The last Medici ruler died without a male heir in 1737, ending the family dynasty after almost three centuries.The Medici story began around the 12th century, when family members from the Tuscan village of Cafaggiolo emigrated to Florence.Parish records were not affected by this political turmoil, although the language of the records sometimes was.
Beginning 1809, areas of Italy controlled by Napoleon, required civil registrars to keep marriage records.
Separation of couples was tolerated, but there was no legal divorce, though betrothals between those too closely related could be annulled.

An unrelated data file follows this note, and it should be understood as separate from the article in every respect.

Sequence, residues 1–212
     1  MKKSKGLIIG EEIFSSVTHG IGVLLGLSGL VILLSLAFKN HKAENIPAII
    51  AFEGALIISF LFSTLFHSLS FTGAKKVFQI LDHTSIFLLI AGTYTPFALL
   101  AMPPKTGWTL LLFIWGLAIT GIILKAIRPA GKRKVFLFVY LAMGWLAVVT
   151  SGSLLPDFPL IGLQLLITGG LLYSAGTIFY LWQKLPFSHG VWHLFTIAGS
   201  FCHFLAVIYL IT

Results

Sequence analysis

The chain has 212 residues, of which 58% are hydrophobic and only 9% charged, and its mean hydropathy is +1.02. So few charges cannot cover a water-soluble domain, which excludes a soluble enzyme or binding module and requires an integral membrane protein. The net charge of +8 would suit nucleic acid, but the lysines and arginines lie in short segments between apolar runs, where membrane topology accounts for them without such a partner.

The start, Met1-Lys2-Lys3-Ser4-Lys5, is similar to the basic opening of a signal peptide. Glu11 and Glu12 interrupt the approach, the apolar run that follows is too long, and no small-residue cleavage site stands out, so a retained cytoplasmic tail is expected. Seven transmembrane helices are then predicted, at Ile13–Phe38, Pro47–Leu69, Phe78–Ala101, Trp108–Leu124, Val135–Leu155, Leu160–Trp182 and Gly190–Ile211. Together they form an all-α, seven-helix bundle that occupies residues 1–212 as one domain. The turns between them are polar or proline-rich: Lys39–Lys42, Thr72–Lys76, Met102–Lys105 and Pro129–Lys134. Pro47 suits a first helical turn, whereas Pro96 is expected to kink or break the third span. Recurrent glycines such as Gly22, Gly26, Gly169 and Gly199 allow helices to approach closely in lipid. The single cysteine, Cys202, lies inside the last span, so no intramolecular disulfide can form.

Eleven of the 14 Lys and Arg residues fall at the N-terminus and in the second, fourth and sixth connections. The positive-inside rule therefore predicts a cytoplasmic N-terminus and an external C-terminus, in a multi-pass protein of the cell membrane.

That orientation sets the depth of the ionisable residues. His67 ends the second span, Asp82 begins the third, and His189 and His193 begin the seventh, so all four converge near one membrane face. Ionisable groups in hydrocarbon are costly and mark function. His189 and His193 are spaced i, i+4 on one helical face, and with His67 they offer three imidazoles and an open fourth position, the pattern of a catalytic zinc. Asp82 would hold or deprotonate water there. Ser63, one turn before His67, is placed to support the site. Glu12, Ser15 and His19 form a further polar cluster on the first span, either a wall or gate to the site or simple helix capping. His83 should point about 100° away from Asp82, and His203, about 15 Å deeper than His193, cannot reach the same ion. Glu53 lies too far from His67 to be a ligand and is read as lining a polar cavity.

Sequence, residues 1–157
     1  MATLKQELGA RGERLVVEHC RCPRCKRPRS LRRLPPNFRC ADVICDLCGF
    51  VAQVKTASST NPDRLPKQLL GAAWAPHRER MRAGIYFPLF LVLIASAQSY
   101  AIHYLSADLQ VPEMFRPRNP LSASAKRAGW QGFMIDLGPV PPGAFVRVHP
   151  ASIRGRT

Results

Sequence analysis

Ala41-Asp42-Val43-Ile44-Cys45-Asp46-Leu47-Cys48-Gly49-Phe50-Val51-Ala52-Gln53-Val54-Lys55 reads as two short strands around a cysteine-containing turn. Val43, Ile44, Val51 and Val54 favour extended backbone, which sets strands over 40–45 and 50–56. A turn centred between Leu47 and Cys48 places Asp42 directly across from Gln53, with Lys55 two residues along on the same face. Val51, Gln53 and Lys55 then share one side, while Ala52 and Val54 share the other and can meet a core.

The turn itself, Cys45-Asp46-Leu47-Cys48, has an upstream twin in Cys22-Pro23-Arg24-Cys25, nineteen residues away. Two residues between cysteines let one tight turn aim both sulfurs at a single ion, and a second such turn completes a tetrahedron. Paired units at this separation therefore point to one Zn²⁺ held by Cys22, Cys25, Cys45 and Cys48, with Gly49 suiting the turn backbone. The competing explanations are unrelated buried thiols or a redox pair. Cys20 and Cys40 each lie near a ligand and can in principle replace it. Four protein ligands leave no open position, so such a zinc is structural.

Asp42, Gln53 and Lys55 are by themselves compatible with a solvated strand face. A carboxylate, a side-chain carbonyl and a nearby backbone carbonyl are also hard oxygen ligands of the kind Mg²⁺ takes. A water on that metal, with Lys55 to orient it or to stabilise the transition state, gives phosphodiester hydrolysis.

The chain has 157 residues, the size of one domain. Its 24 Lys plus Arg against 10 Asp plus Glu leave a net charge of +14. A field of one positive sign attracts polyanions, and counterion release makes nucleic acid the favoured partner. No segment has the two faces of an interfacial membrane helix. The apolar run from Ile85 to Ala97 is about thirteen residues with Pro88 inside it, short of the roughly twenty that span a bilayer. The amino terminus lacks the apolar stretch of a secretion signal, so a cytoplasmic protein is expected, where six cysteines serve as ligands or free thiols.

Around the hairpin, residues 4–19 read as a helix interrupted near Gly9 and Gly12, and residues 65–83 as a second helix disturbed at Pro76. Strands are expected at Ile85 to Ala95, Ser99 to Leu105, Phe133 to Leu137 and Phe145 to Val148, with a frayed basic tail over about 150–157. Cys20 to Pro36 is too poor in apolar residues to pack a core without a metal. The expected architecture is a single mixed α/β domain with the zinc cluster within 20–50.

Grooms, on the average, were 14 years older than their brides.
Beginning in 1434 with the rise to power of Cosimo de’ Medici (or Cosimo the Elder), the family’s support of the arts and humanities made Florence into the cradle of the Renaissance, a cultural flowering rivaled only by that of ancient Greece.
The Medicis produced four popes (Leo X, Clement VII, Pius IV and Leon XI), and their genes have been mixed into many of Europe’s royal families.